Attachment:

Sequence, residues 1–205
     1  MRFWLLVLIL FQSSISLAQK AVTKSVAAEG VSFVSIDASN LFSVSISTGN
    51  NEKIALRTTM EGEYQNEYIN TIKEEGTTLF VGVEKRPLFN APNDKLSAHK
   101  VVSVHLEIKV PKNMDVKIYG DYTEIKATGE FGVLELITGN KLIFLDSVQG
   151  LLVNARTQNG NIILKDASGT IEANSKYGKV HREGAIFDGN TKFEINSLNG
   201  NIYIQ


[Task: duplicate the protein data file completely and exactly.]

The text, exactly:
Sequence, residues 1–205
     1  MRFWLLVLIL FQSSISLAQK AVTKSVAAEG VSFVSIDASN LFSVSISTGN
    51  NEKIALRTTM EGEYQNEYIN TIKEEGTTLF VGVEKRPLFN APNDKLSAHK
   101  VVSVHLEIKV PKNMDVKIYG DYTEIKATGE FGVLELITGN KLIFLDSVQG
   151  LLVNARTQNG NIILKDASGT IEANSKYGKV HREGAIFDGN TKFEINSLNG
   201  NIYIQ